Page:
The Coast News Group
Two females of the recently discovered Halichoeres sanchezi or tailspot wrasse, were found in the rugged Revillagigedo Archipelago off Mexico's Pacific coast. Photo by Allison and Carlos Estape; Courtesy of Scripps Institution of Oceanography
Two females of the recently discovered Halichoeres sanchezi or tailspot wrasse, were found in the rugged Revillagigedo Archipelago off Mexico's Pacific coast. Photo by Allison and Carlos Estape; Courtesy of Scripps Institution of Oceanography
CitiesCommunityEnvironmentNewsRegionSan Diego

UCSD scientist helps discover, name new species of tropical fish

REGION — A team of scientists, including Ben Frable of UC San Diego’s Scripps Institution of Oceanography, discovered a new species of tropical fish during an expedition to remote Mexican islands, it was announced on Feb. 28.

The fish, named Halichoeres sanchezi or the tailspot wrasse, likely only lives on the rugged Revillagigedo Archipelago off Mexico’s Pacific coast. The volcanic island chain is sometimes called the “Mexican Galapagos” for its endemic biodiversity, meaning organisms native and restricted to a certain place.

Frable and other scientists published a paper naming the fish in the journal PeerJ.

Halichoeres sanchezi was named in honor of marine scientist Carlos Armando Sánchez Ortíz of the Universidad Autónoma de Baja California Sur, who collected the first specimen and organized the 2022 expedition that led to the fish’s discovery.

“Characterizing and naming a species previously unknown to science feels like you’ve made a mark on history,” Frable told City News Service. “This name will hopefully stay with the species as long as we use taxonomic names. This is the ninth fish I have helped describe, but it is the first where I was one of the first scientists to encounter the species in the wild.”

Frable said naming a new species is up to the people discovering it, “but there are actually some internationally agreed upon rules and guidelines called the International Code of Zoological Nomenclature to help standardize it.”

“Names need to be conjugated into Latin and are generally derived from Ancient Greek or Latin words, but this is not required,” he said. “The big rule is that you cannot name species after yourself. You can certainly name them in honor of other people, such as this fish.”

The team collected eight fish specimens, ranging in size from around one inch long to nearly six inches. The females of the species are mostly white with reddish horizontal stripes along their top half and black patches on their dorsal fin, behind their gills, and just ahead of their tail fin, a statement from Scripps read. Frable described the males as “orangey red up top, fading to a yellow belly with a dark band at the base of the tail.”

Halichoeres sanchezi is a member of the wrasse family, a diverse and colorful group of more than 600 species.

According to a statement from UCSD, researchers encountered the new species inhabiting an underwater field of volcanic rubble at a depth of around 70 feet near San Benedicto Island, one of four islands in the Revillagigedo Archipelago. The island chain is a marine protected area located around 250 miles to the south of the Baja California peninsula and some 500 miles west of mainland Mexico’s coastline.

“The main way to access the area is via live-aboard one-week scuba diving tours,” Frable told CNS. “The islands are mostly uninhabited except for Mexican military outposts, so you generally cannot venture onto land, but you can experience the amazing aquatic world around them. They are a national park and a UNESCO World Heritage Site.”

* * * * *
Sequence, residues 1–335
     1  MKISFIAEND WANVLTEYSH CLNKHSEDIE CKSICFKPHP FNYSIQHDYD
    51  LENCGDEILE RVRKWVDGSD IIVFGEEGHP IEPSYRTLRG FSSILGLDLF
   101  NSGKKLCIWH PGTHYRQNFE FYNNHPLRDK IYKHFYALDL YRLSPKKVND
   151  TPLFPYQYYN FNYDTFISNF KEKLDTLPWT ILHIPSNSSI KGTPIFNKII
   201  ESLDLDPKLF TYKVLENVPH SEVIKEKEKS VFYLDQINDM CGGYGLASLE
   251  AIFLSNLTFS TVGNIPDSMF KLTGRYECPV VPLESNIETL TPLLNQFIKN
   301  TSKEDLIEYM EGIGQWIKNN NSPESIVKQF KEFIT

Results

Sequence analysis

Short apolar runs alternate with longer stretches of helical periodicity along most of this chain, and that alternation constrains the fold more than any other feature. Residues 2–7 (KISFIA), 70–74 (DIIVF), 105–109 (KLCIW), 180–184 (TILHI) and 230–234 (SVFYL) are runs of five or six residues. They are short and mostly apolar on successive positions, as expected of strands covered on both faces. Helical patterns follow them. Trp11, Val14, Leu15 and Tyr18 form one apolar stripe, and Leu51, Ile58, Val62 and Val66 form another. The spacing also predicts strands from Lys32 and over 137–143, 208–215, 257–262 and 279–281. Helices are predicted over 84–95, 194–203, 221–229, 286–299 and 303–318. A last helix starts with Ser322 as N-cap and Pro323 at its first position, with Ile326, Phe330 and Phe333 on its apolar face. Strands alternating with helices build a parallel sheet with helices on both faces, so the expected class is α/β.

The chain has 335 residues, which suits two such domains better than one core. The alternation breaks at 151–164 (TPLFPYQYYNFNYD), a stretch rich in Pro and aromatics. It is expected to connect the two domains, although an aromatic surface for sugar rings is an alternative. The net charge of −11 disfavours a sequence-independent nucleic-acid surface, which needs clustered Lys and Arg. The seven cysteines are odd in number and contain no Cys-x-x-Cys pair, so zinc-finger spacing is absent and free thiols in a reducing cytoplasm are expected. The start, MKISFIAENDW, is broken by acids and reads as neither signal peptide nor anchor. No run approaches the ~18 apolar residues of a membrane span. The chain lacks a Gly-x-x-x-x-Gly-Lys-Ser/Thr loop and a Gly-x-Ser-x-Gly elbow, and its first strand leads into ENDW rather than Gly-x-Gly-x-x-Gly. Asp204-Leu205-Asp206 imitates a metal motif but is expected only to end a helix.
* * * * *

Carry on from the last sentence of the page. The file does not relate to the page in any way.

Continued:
The islands’ remote location and legal protections have made it difficult to study the undersea fauna. The last scientific assessment of the islands’ fish occurred over two decades ago.

Over the course of roughly two weeks, the group surveyed all four islands during 30 research dives that produced more than 5,500 photographs and 900 specimens representing more than 100 fish species.

“One thing most people don’t realize, including myself before working in taxonomy, is how often previous unknown species are being named and reported,” Frable said. “For fishes alone, 300-500 new species are described every year. But a lot of these are recognized after they are collected from museum collections or other places.

“The process of describing and naming a species can be time-consuming and requires attention to detail,” he said.

The specimens collected are stored in Scripps’ Marine Vertebrate Collection, Mexico’s Colección Nacional de Peces and the Natural History Museum of Los Angeles County.

According to the researchers, the wrasse wasn’t spotted until the last day of the expedition. An unknown fish had been photographed in 2013 but was never identified. Sánchez was able to collect a mysterious red fish that only later the team realized matched the wrasse in the photo.

However, they had collected a female, an important distinction for the wrasse family, of which many are sequential hermaphrodites, all beginning life as a female and later transitioning to male if the right conditions come about.

On the second-to-last dive of the expedition, Frable spotted the “terminal phase” — or male — of this unknown wrasse species but was unable to catch it. Finally, on the very last dive of the trip, William Ludt, co-author of the study and assistant curator of ichthyology at the Natural History Museum of Los Angeles County, and Frable were able to collect an example of the species’ terminal phase.

In all, the researchers collected eight specimens of the fish. Later DNA analysis revealed the genetic divergence from close relatives — the golden wrasse from Panama and the red-striped wrasse from Cocos Island near Costa Rica.

Frable said more trips to the archipelago were likely on the way, with the team hoping to unravel the mystery of the islands’ unique biodiversity.

Leave a Comment